While viewing a document in Casemaker, you will notice a set of icons on the far right in the dark gray toolbar. These icons allow you to print, email, save to a folder, and download. Let’s discuss Print.
After clicking the icon for Print, you can choose the document format you are printing to. You can also choose if you would like to print the case in single or dual column layout. You can include highlighting for the terms you searched for, print the citing references, as well as the negative treatment if you have Case Check + access. Here you can attach your notes as well as a cover page. Once you are done you can click the blue Print button and the system will give you document to print out in the format you selected.
The most frequently used function of Casemaker for most users is searching by citation. From the home page, you can simply type your citation in. You do not have to worry about being too picky if you use the wrong spacing, punctuation, or capitalization; Casemaker will automatically correct that for you. You do however need to make sure you are using only the reporter citation and the proper abbreviation. Casemaker goes by the Blue Book citation guidelines if you have any questions regarding abbreviations. For example, with Kearns v. Ford Motor Co., 567 F.3d 1120 (9th Cir. 2009), all you would put in the search bar is 567 F.3d 1120. Be sure you select the correct jurisdiction, however, you will not be able to pull up a New Hampshire Superior Court case when searching in US Court of Appeals!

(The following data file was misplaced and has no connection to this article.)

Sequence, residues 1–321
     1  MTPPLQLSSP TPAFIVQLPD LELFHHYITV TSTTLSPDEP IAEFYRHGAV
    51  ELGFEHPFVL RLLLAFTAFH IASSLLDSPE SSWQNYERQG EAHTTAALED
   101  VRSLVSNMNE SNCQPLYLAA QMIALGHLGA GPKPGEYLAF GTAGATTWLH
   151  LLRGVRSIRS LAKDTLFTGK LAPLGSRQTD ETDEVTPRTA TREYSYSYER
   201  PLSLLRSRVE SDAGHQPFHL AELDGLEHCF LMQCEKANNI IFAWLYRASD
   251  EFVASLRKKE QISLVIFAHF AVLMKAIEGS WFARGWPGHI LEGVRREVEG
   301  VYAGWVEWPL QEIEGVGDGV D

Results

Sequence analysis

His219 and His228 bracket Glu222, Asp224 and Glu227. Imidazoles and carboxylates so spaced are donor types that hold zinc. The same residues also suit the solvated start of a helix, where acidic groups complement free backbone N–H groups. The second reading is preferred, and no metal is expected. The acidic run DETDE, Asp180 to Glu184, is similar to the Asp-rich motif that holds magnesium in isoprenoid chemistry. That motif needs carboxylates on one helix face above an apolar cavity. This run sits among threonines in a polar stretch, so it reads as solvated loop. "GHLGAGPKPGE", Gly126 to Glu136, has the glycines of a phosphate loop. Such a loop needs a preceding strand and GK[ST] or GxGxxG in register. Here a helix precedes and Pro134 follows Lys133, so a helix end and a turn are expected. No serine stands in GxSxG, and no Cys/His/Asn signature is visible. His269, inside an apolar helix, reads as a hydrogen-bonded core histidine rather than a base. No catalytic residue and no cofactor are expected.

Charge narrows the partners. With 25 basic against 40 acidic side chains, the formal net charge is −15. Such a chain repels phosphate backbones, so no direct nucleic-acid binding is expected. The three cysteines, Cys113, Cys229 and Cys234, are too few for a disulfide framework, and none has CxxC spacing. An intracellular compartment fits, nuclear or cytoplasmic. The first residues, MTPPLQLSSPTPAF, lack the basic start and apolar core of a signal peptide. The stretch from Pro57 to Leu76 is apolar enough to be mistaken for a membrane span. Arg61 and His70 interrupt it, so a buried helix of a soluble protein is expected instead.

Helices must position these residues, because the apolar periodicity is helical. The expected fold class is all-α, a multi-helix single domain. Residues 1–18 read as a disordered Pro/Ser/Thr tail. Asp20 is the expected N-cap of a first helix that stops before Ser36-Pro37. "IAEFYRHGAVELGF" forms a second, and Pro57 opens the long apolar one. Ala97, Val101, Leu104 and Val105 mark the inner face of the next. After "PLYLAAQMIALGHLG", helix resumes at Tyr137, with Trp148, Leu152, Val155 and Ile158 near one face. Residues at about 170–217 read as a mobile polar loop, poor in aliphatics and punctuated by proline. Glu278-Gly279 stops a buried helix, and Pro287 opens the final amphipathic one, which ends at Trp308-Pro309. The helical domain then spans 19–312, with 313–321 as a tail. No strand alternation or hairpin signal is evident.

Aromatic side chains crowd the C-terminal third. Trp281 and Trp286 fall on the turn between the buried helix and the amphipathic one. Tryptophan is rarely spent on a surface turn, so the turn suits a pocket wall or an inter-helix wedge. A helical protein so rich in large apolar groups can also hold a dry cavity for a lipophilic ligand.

Sometimes a particular citation brings up more than one result, and there is a very good reason for this. The other case shares a page with the case you were searching for. For example, your case may end on page 104 and another case begins on the same page of the reporter. This means even if you are typing in a pin cite, you will still be able to locate the case you are looking for.
While the Jurisdiction menu will aid you to narrow your search to Circuit court cases, it will not allow you to narrow to a specific circuit. However, that option is still available! Once you perform your search, click to view all the case results. You can also click on the Cases link on the left. Either option will pull up your results list and a menu on the left side. This left side menu gives you the option to narrow your results by a variety of different ways. For example, you could use the Jurisdiction option to narrow to check the box for Circuit. Note you may have to click a link at the bottom of the category to get all your options. Next, you can the United States Court of Appeals you wish by checking off the appropriate box. Now your results should be narrowed to the Circuit court you prefer
Browsing statutes is another great way to research your issue. At times, you may not know the exact citation for the statute that is relevant to your issue. On other occasions, you may want to see the surrounding statutes as well. Instead of searching, we can browse the statutes.
Start by clicking on the jurisdiction you wish to view from the list of states on the homepage. Then click on Statutes. From there you can drill down in the Statute library to find what you need. Clicking on Titles, then on Subtitles, then Chapters and so on. There is a trail at the top of each page indicating what level of the hierarchy you are on. This can help you get your bearings in complicated statutes titles with many layers.
Clicking on the links that have [Combined] at the end will lead you to pages where the entire chapter or section is on one page – saving you the time of clicking between the contained portions of code.